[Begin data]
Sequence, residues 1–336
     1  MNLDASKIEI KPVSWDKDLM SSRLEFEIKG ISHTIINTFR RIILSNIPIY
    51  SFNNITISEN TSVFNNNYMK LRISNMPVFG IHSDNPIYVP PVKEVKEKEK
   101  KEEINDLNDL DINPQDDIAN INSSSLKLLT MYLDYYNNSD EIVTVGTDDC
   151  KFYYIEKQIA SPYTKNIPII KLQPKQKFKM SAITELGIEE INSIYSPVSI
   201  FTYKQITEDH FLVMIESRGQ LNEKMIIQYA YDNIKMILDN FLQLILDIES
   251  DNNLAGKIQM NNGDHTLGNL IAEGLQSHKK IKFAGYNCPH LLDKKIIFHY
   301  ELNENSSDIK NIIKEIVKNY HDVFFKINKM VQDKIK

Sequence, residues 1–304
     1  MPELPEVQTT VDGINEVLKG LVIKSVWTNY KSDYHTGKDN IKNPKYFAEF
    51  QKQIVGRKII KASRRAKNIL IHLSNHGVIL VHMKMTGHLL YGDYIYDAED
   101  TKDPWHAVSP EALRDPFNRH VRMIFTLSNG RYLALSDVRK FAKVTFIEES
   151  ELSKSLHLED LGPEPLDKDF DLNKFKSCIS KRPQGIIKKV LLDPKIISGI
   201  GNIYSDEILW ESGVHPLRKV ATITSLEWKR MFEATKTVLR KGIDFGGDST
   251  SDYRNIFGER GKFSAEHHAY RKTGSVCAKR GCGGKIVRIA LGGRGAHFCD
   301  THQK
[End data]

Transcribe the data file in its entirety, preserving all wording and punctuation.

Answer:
Sequence, residues 1–336
     1  MNLDASKIEI KPVSWDKDLM SSRLEFEIKG ISHTIINTFR RIILSNIPIY
    51  SFNNITISEN TSVFNNNYMK LRISNMPVFG IHSDNPIYVP PVKEVKEKEK
   101  KEEINDLNDL DINPQDDIAN INSSSLKLLT MYLDYYNNSD EIVTVGTDDC
   151  KFYYIEKQIA SPYTKNIPII KLQPKQKFKM SAITELGIEE INSIYSPVSI
   201  FTYKQITEDH FLVMIESRGQ LNEKMIIQYA YDNIKMILDN FLQLILDIES
   251  DNNLAGKIQM NNGDHTLGNL IAEGLQSHKK IKFAGYNCPH LLDKKIIFHY
   301  ELNENSSDIK NIIKEIVKNY HDVFFKINKM VQDKIK

Sequence, residues 1–304
     1  MPELPEVQTT VDGINEVLKG LVIKSVWTNY KSDYHTGKDN IKNPKYFAEF
    51  QKQIVGRKII KASRRAKNIL IHLSNHGVIL VHMKMTGHLL YGDYIYDAED
   101  TKDPWHAVSP EALRDPFNRH VRMIFTLSNG RYLALSDVRK FAKVTFIEES
   151  ELSKSLHLED LGPEPLDKDF DLNKFKSCIS KRPQGIIKKV LLDPKIISGI
   201  GNIYSDEILW ESGVHPLRKV ATITSLEWKR MFEATKTVLR KGIDFGGDST
   251  SDYRNIFGER GKFSAEHHAY RKTGSVCAKR GCGGKIVRIA LGGRGAHFCD
   301  THQK